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About the Town of SEIJO

A quiet environment decorated with greenery, right in the city

The area known as Seijo, in Setagaya Ward, is approximately fifteen minutes by rapid train from the central Shinjuku area, which means Seijo Gakuen is located in a quiet residential neighborhood in comfortable proximity to the city center. The school is also so close to the station that you can even see the university buildings as the train pulls in. This convenience factor makes Seijo an ideal location to commute to for students living off campus.

In addition to its easy access to the city center, Seijo is surrounded by a lush natural environment, reminiscent of the old natural expanse of the Musashino area, and the greenery here is an unusual occurrence in the city of Tokyo. The Seijo Pond site on the grounds has even been listed as one of the 100 Best Views of Setagaya. At Seijo Gakuen, students enjoy nature on a daily basis, which is yet another factor that makes our campus highly conducive to growth and learning.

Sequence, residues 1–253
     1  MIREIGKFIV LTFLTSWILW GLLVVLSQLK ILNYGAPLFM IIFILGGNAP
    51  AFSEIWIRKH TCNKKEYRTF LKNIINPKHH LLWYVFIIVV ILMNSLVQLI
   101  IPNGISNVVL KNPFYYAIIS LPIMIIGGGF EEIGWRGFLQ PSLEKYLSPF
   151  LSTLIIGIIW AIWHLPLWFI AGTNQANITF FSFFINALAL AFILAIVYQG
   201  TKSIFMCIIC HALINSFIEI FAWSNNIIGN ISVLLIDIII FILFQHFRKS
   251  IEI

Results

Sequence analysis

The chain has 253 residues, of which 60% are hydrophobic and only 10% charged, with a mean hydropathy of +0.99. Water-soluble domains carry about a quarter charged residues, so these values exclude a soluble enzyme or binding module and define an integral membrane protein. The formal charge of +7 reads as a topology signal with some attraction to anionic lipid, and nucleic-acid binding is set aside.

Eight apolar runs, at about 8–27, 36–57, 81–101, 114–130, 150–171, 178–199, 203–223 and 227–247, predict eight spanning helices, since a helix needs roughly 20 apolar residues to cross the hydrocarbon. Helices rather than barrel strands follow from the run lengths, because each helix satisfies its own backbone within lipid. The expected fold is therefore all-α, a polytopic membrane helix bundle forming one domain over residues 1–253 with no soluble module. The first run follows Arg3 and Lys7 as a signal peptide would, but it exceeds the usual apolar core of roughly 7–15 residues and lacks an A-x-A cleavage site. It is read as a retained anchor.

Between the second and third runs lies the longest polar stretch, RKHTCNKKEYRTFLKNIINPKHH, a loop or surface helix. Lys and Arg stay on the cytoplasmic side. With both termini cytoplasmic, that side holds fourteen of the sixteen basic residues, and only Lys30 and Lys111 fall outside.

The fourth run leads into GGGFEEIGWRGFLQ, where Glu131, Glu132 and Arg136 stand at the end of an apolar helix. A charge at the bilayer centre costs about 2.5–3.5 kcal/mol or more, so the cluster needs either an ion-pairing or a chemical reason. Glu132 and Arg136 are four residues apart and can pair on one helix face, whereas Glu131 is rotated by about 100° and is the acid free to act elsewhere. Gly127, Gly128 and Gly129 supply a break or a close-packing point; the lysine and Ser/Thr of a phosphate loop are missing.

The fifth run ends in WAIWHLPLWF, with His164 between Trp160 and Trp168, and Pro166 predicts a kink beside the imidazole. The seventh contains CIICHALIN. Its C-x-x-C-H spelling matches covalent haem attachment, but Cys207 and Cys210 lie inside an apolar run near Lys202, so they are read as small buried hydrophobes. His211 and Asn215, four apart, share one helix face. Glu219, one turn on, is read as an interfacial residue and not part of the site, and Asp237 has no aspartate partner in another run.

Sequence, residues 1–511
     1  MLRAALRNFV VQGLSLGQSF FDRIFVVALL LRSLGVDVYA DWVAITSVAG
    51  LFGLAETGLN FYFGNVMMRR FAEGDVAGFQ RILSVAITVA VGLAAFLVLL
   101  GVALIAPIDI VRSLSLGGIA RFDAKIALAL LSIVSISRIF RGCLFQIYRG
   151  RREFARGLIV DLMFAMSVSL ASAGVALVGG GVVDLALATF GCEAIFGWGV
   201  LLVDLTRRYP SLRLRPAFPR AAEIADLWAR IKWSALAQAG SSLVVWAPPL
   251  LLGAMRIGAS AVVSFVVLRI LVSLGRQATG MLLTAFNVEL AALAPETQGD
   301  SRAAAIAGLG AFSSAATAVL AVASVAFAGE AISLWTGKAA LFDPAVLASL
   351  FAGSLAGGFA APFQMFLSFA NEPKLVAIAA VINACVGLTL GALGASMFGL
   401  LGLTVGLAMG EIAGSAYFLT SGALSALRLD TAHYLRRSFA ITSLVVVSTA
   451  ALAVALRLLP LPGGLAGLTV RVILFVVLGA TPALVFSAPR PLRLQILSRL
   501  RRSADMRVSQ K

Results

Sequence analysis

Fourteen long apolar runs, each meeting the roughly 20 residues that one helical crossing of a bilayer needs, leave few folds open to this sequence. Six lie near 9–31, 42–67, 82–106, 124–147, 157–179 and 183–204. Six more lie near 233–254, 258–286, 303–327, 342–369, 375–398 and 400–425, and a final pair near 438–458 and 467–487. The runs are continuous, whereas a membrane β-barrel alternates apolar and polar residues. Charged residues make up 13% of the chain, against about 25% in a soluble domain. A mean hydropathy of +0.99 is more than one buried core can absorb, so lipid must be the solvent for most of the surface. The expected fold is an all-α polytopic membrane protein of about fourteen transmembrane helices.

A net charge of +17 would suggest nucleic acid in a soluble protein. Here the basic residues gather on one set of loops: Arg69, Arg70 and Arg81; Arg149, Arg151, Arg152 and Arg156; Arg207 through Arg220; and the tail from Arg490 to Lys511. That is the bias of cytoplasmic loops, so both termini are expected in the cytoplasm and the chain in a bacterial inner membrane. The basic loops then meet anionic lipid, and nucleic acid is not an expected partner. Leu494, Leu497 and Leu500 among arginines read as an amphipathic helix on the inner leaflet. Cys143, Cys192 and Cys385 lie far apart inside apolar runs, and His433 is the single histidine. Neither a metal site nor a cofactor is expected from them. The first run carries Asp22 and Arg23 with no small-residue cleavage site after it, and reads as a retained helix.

The surrounding town takes the name of Seijo Gakuen

The Town of Seijo

At the present time, Seijo is well-known as a quiet residential area. Seijo Gakuen moved to this barren space in 1925, when the area was called Kinuta Village, Kita-tama, under the jurisdiction of Tokyo Prefecture. Records show that the school purchased and divided the land, upon which the college town was built.

The Odakyu Line was launched in April 1927, from which time the name "Seijo Gakuen" was used for the station name. In 1936, when the area was absorbed into the Tokyo metropolitan, the district name was changed to "Seijo-machi, Setagaya Ward."

"Kinuta Village" thus became "Seijo," taking the name of our school. Cherry blossom, gingko, and other seedlings planted by Seijo Gakuen students at the time the school was relocated here now decorate the town throughout the seasons, and are currently something of a local seasonal attraction. Up until the mid-fifties and early sixties, the line of cherry blossom trees stretching north from the North Exit of Seijo Gakuen to intersect with gingko trees was called "Sawayanagi Street," a name symbolic of how integral a part Seijo Gakuen is of the town of Seijo.